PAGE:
Tutorial: Robot Motion
As we've seen in previous tutorials, commanding robot motion is simple and straightforward. For example, the incremental motion of the arm can be commanded by:
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The absolute motion can be commanded by:
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Waiting on Motion
In the above examples, we executed a
robot.push_command(). This allows the joint time to complete its motion. As an alternative, we can use the
wait_until_at_setpoint() method that polls the joint position versus the target position. We can also interrupt a motion by sending a new motion command at any time. For example, try the following script:
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You will see the arm fully retract, begin to extend, and then fully retract again.
All joints support trapezoidal motion profile generation. Other types of controllers are available (splined trajectory, PID, velocity, etc) but they are not covered here. The trapezoidal motion controllers require three values:
- x: target position of joint
- v: maximum velocity of motion
- a: acceleration of motion
We provide 'defaults' for the velocity and acceleration settings, as well as 'fast', and 'slow' settings. These values have been tuned to be appropriate for the safe movement of the robot. These values can be queried using the
stretch_params.py | grep arm | grep motion | grep default
stretch_body.robot_params.nominal_params param.arm.motion.fast.accel_m 0.14 stretch_body.robot_params.nominal_params param.arm.motion.fast.vel_m 0.14
We see that the arm motion in 'default' mode will move with a velocity of 0.14 m/s and an acceleration of 0.14 m/s^2.
move_to commands support optional motion profile parameters. For example, for a fast motion:
v = robot.arm.params['motion']['fast']['vel_m'] a = robot.arm.params['motion']['fast']['accel_m'] robot.arm.move_by(x_m=0.1, v_m=v, a_m=a) robot.push_command()
The motion will use the 'default' motion profile settings if no values are specified.
All joints obey motion limits which are specified in the robot parameters.
stretch_params.py | grep arm | grep range_m
stretch_user_params.yaml param.arm.range_m [0.0, 0.515]
These are the mechanical limits of the joints and have been set at the factory to prevent damage to the hardware. It is not recommended to set them to be greater than the factory-specified values. However, they can be further limited if desired by setting soft motion limits:
import stretch_body.robot robot=stretch_body.robot.Robot() robot.startup() robot.arm.set_soft_motion_limit_min(0.2) robot.arm.set_soft_motion_limit_max(0.4) #Will move to position 0.2 robot.arm.move_to(0.0) robot.push_command() robot.arm.wait_until_at_setpoint() #Will move to position 0.4 robot.arm.move_to(0.5) robot.push_command() robot.arm.wait_until_at_setpoint() robot.stop()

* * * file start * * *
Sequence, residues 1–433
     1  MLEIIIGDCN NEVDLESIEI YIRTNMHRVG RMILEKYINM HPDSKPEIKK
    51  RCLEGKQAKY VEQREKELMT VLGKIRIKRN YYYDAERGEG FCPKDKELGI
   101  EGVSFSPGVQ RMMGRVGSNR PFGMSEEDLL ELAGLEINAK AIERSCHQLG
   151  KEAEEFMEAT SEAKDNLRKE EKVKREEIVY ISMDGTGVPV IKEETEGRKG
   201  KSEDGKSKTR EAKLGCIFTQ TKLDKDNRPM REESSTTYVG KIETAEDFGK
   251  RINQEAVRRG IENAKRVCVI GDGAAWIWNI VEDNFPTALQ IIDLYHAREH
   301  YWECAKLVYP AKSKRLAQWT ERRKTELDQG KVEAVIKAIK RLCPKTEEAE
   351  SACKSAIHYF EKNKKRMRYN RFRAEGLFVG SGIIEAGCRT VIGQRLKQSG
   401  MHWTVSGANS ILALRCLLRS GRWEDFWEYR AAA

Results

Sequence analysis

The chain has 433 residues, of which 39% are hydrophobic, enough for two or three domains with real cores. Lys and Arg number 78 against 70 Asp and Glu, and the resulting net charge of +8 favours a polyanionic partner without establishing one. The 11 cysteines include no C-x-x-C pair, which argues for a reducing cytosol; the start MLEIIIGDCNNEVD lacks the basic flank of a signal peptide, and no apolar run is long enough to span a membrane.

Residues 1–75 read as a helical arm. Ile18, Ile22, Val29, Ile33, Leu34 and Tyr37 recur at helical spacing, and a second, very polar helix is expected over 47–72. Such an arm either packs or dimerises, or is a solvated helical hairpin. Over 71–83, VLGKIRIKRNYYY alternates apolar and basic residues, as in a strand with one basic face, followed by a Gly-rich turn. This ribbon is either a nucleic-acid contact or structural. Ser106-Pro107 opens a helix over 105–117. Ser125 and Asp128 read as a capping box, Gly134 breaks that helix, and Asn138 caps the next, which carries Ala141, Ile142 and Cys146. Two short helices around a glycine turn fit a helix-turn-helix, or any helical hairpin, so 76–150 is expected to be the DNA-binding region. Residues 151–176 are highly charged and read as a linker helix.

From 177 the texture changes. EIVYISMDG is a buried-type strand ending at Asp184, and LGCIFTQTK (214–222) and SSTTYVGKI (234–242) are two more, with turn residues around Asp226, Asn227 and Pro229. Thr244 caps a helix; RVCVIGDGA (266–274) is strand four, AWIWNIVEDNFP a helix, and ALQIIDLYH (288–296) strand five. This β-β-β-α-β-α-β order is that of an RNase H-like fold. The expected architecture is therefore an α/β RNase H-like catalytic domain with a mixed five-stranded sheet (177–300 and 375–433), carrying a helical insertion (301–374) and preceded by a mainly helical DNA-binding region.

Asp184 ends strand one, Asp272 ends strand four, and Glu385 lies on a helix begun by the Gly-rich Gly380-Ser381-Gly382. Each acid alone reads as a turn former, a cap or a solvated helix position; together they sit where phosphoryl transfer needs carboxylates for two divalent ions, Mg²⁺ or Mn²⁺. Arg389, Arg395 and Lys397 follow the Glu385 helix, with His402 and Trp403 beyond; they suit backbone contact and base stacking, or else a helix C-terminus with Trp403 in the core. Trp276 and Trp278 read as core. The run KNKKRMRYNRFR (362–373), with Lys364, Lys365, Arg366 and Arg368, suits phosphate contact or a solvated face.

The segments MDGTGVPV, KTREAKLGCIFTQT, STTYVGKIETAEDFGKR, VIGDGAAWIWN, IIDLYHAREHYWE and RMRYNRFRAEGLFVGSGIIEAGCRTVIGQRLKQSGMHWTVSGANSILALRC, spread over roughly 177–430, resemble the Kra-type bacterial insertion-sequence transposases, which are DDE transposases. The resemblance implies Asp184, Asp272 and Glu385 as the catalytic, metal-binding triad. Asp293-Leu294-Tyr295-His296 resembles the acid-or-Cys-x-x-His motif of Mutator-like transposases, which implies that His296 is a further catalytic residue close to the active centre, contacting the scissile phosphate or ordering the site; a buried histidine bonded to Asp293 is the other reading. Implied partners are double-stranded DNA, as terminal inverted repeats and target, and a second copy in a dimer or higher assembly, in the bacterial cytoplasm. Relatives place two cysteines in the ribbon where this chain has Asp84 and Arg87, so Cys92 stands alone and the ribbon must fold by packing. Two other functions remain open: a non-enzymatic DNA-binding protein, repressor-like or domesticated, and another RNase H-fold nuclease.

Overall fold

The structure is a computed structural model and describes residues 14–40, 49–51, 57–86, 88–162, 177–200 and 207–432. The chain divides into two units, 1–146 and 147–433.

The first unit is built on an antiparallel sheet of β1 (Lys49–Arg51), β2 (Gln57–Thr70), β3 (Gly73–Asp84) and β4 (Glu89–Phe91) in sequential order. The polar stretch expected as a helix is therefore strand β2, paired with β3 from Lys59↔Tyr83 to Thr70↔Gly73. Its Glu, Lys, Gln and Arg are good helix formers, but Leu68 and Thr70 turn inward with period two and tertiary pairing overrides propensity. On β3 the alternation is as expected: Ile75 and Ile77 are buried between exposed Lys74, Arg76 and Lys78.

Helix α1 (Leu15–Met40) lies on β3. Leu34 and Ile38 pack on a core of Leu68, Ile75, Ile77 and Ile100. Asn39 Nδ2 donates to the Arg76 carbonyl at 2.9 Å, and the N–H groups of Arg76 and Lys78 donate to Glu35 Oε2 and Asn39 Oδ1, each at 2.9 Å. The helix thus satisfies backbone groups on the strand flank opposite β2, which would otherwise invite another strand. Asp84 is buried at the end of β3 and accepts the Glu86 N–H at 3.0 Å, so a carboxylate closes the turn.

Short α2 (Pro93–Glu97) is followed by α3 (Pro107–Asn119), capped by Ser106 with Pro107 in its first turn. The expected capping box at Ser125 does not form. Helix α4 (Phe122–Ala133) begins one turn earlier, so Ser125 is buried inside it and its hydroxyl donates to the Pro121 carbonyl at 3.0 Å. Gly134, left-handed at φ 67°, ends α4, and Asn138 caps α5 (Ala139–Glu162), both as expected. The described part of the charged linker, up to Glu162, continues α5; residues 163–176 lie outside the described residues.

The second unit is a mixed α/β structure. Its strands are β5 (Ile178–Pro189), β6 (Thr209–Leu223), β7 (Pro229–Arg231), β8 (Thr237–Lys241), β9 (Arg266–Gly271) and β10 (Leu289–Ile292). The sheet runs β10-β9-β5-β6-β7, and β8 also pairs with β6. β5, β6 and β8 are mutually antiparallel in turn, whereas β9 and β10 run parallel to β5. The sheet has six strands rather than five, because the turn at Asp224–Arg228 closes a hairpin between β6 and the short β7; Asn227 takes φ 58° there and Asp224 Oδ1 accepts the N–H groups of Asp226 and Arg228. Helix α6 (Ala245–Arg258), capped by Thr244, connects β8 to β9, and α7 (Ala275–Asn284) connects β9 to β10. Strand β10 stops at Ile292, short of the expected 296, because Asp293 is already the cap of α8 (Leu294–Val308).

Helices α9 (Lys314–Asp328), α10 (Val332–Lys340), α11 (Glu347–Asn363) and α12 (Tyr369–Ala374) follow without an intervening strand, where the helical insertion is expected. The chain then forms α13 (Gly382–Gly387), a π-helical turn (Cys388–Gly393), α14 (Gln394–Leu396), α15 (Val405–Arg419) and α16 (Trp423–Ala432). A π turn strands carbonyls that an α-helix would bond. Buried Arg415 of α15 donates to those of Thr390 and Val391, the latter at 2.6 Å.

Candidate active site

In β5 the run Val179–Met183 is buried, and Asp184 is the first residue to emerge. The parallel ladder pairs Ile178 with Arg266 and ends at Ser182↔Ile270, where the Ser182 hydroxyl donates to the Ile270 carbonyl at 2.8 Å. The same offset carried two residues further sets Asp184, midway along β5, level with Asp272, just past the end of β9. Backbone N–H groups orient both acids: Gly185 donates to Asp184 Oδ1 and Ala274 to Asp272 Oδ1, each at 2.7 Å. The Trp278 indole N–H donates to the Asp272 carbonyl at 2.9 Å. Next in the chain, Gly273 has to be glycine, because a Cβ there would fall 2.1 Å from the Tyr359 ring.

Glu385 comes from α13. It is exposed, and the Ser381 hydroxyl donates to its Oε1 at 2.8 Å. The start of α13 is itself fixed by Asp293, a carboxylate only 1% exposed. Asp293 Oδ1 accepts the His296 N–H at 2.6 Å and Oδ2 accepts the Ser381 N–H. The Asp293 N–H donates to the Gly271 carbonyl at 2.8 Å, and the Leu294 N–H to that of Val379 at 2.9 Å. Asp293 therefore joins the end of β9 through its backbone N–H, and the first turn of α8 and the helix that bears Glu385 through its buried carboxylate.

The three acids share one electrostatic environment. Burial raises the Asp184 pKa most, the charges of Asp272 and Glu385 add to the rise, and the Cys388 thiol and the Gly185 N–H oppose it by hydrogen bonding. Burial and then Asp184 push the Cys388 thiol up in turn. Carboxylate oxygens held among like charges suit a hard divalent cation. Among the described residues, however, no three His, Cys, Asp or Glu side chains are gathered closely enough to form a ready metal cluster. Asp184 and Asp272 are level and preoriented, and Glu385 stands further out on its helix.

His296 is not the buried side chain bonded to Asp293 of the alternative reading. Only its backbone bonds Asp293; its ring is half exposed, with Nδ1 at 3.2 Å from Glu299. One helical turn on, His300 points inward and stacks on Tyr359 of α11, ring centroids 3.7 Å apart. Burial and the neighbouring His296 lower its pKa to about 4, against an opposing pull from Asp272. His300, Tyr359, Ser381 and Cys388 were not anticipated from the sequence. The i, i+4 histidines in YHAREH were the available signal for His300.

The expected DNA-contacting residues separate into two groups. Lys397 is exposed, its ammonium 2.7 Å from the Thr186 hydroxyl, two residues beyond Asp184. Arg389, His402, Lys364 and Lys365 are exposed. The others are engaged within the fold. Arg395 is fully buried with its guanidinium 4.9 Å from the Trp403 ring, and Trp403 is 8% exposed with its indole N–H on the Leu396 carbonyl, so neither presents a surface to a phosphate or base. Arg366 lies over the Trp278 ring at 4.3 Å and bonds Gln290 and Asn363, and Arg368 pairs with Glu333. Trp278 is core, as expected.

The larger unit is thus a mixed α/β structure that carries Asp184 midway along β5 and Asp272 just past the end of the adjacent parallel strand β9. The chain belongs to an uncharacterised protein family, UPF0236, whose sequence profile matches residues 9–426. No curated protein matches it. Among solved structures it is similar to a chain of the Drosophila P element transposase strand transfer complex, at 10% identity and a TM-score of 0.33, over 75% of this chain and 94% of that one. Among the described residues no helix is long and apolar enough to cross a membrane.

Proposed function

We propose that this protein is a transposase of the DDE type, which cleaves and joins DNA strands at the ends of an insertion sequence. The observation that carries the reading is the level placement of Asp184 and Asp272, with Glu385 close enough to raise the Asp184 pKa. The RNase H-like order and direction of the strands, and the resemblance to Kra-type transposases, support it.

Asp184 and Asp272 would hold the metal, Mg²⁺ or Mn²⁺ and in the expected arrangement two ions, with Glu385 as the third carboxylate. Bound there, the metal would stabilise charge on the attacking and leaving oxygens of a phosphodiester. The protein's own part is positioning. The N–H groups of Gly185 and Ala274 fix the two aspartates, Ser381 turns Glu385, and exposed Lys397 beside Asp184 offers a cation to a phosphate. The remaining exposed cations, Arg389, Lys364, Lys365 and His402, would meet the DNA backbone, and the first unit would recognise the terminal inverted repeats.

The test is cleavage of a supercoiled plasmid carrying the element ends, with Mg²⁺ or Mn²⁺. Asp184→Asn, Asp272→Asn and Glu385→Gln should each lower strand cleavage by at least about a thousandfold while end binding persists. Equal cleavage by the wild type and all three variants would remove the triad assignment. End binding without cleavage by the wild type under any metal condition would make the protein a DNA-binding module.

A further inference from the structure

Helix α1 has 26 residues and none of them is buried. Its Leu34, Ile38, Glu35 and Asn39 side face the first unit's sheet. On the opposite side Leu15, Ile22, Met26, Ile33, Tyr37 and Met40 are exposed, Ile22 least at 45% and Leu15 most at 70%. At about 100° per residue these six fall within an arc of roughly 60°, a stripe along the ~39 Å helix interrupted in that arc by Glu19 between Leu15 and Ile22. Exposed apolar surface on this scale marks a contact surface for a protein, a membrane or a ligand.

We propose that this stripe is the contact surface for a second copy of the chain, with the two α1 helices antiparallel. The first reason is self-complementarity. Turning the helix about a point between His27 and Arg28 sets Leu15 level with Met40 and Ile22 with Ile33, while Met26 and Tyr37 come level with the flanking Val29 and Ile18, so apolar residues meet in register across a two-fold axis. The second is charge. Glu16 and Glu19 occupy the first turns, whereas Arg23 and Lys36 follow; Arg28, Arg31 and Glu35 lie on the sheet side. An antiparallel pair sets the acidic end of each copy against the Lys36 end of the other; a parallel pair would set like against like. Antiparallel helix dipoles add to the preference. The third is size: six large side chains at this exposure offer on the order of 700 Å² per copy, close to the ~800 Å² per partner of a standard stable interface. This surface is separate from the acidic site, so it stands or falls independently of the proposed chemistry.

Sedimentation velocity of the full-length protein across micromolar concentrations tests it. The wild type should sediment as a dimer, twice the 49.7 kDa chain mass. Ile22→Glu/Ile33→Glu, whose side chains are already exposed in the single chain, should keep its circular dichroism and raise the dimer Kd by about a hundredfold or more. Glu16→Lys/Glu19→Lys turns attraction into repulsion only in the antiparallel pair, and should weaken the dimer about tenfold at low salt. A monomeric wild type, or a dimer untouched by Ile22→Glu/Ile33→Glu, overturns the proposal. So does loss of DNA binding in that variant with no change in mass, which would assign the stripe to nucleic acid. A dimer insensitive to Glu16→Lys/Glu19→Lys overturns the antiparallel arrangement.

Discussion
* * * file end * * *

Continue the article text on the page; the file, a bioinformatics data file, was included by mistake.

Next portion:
Controlling Dynamixel Motion
The above examples have focused on the motion of the arm. Like the lift and the base, the arm utilizes Hello Robot's custom stepper motor controller. Control of the Dynamixels of the head and the end-of-arm is very similar to that of the arm, though not identical.
As we see here, the
robot.push_command() call is not required as the motion begins instantaneously and is not queued. In addition, the Dynamixel servos are managed as a chain of devices, so we must pass in the joint name along with the command.
import stretch_body.robot from stretch_body.hello_utils import deg_to_rad robot=stretch_body.robot.Robot() robot.startup() robot.head.move_to('head_pan',0) robot.head.move_to('head_tilt',0) time.sleep(3.0) robot.head.move_to('head_pan',deg_to_rad(90.0)) robot.head.move_to('head_tilt',deg_to_rad(45.0)) time.sleep(3.0) robot.stop()
Similar to the stepper joints, the Dynamixel joints accept motion profile and motion limit commands. For example, here we restrict the head pan range of motion while executing both a fast and slow move:
import stretch_body.robot robot=stretch_body.robot.Robot() robot.startup() #Limit range of motion of head_pan robot.head.get_motor('head_pan').set_soft_motion_limit_min(deg_to_rad(-45.0)) robot.head.get_motor('head_pan').set_soft_motion_limit_max(deg_to_rad(45.0)) #Do a fast motion v = robot.params['head_pan']['motion']['fast']['vel'] a = robot.params['head_pan']['motion']['fast']['accel'] robot.head.move_to('head_pan',deg_to_rad(-90.0),v_r=v, a_r=a) time.sleep(3.0) #Do a slow motion v = robot.params['head_pan']['motion']['slow']['vel'] a = robot.params['head_pan']['motion']['slow']['accel'] robot.head.move_to('head_pan',deg_to_rad(90.0),v_r=v, a_r=a) time.sleep(3.0) robot.stop()
Base Velocity Control
The Base also supports a velocity control mode which can be useful with navigation planners. The Base controllers will automatically switch between velocity and position control. For example:
robot.base.translate_by(x_m=0.5) robot.push_command() time.sleep(4.0) #wait robot.base.set_rotational_velocity(v_r=0.1) #switch to velocity controller robot.push_command() time.sleep(4.0) #wait robot.base.set_rotational_velocity(v_r=0.0) #stop motion robot.push_command()